Epilepsy Talk

Doctors Distracted by Electronic Devices… | February 18, 2017

Do you know what happens during surgery? Cut…open…correct…sew. Maybe some background music. Hip if the doctor likes that. Or classical.

Well, not exactly.

You might be surprised. Or horrified to learn the truth.

How about your technician who’s running the bypass machine texting during the procedure…

Or the nurse checking airfares…

And your neurosurgeon chatting away on a personal phone call?

That’s right. Electronic devices have not only taken over our culture. They’ve taken over the operating room!

While some medical schools are teaching would-be doctors to use electronic devices – hopefully for diagnostic purposes – other medical staff prefer to check eBay.

Various high-profile cases have illustrated the deadly effects that doctor distraction can have.

In 2011, a Texas woman died after her oxygen levels fell during surgery. The anesthesiologist, who failed to notice the issue for 20 minutes, was accused of emailing and texting during the procedure.

In 2014, comedian Joan Rivers passed away due to complications during a throat surgery. During the operation, one doctor took cell phone photos of the comedian. Investigators didn’t find that this behavior directly caused the complications, but it may have contributed to the final outcome.

In another case, a resident began using her phone to enter an order to discontinue an inpatient’s blood-thinner order. In the middle of doing that, the resident was distracted by a text message from a friend asking about plans for an upcoming party.

She never finished entering the order, and the patient later required open-heart surgery to remove blood filling the sac around his heart.


It’s a problem. And an epidemic.









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  1. I’d an op with local anesthetic to remove a VNS, got all the news about their holidays,, but what really shocked me was when a nurse asked the doc would he need a stool as he was getting so tired, nope, he had to finish fast and go to help another doc on another op!! He was annoyed because my VNS was an older version, too big and difficult to get out. left me with metal wires so I can’t have MRI scans any more


    Comment by Gail Barry — February 19, 2017 @ 3:56 AM

  2. Well Gail, that really stinks.

    I had something similar happen. The surgeon stitched me up all nice and pretty and left the resident to do the second layer.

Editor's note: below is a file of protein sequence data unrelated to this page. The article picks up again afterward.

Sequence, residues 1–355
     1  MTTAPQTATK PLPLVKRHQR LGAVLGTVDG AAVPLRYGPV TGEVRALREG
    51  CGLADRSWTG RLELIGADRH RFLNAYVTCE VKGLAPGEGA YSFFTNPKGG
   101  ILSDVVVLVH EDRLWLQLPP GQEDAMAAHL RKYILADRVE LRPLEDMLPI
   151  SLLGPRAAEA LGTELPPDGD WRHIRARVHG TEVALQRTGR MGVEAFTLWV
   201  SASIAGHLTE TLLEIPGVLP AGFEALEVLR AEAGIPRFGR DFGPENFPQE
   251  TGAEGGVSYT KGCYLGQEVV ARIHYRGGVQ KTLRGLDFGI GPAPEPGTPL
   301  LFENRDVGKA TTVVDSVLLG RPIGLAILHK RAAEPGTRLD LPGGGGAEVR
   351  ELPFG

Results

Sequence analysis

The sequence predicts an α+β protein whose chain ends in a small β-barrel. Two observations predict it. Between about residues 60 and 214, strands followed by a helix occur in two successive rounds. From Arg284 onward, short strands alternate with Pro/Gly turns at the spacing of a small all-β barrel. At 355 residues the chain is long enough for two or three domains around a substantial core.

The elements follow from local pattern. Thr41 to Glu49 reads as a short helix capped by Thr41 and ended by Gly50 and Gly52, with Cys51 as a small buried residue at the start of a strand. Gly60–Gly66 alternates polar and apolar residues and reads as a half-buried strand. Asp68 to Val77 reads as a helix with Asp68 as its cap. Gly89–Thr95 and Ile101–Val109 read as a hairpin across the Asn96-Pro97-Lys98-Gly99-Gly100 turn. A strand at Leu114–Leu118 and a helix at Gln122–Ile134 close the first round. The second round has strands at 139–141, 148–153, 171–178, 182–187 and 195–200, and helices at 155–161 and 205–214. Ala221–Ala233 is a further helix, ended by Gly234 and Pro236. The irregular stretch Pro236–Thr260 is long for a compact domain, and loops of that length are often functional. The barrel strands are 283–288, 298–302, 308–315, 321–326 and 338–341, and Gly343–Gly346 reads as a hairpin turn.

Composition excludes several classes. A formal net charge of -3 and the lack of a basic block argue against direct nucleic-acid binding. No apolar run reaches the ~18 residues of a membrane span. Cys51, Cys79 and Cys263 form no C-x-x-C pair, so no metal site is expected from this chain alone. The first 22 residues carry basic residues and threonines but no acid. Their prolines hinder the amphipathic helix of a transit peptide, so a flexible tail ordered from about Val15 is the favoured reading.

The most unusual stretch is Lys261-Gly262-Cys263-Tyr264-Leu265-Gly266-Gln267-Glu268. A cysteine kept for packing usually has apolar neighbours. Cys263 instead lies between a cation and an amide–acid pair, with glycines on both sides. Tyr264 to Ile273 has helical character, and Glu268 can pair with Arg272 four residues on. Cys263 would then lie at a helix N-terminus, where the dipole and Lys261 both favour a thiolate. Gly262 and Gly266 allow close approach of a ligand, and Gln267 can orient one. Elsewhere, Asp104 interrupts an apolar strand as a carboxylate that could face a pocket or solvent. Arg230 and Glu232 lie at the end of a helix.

I got an infection so bad, that later blood was spurting out of the staples.

    Turned out, he had to remove some of the staples to incise the infection. That’s after going EVERY day to try to determine the damage. 😦


    Comment by Phylis Feiner Johnson — February 19, 2017 @ 10:25 AM

  3. Having worked in surgery before you were not allowed. They had to be put in a locker or safe.


    Comment by red2robi — February 19, 2017 @ 11:25 AM

  4. Well, that would be a comfort, but what now?


    Comment by Phylis Feiner Johnson — February 19, 2017 @ 11:36 AM

    • That was in the 90’s. Gee! Do I have to show my age again! This was at a teaching famous University Medical Center!


      Comment by red2robi — February 19, 2017 @ 3:17 PM

  5. I’m OLDER. So there. 63 and counting. And the only University Center I know was the old Cornell University Medical Center on First Ave. in NYC where I was diagnosed in 1969!!! 🙂


    Comment by Phylis Feiner Johnson — February 19, 2017 @ 6:03 PM

  6. When I had my resection for some reason the CSF fluid wasn’t properly flowing and building up in my skull. I went back to the hospital twice and they just gave me more drugs and told me to prop the bed up MORE than just the one layer of wedges!

    Third time I had a friend (medical training) bring me down after she saw the seepage and took a photo of it. They realized there was a problem and had to redo some of the stitching as well as do a ventriculostomy (temporary drainage from the skull cavity). They verified I did not have an infection in the fluid and drained off the excess. Then they closed the line for a couple days to make sure it wouldn’t build up again and everything was working properly.

    No idea why that all happened. Likely when they closed something wasn’t done 100%. The surgeon explained it as “the plumbing” wasn’t quite right and they needed to fix it.


    Comment by Travis — February 21, 2017 @ 1:52 AM

  7. “Prop the bed up with MORE than just one layer of wedges?”

    A “plumbing” mistake?


    (It’s amazing that you didn’t have an infection.)


    Comment by Phylis Feiner Johnson — February 21, 2017 @ 9:20 AM

  8. Now, I’m getting worried. The neurosurgeon who did my three VNS’ (yep, three, since 2001) was the same man, and we built up a rapport. I’m 69-going-on, and hoping he’s going to be my surgeon again when I’m in need of a new R&R. If not, here’s hoping everyone I know is thinking good-doc thoughts!


    Comment by catsissie — February 21, 2017 @ 4:43 PM

  9. Well, your good doc sounds like a “keeper”! 🙂


    Comment by Phylis Feiner Johnson — February 21, 2017 @ 5:31 PM

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    About the author

    Phylis Feiner Johnson

    Phylis Feiner Johnson

    I've been a professional copywriter for over 35 years. I also had epilepsy for decades. My mission is advocacy; to increase education, awareness and funding for epilepsy research. Together, we can make a huge difference. If not changing the world, at least helping each other, with wisdom, compassion and sharing.

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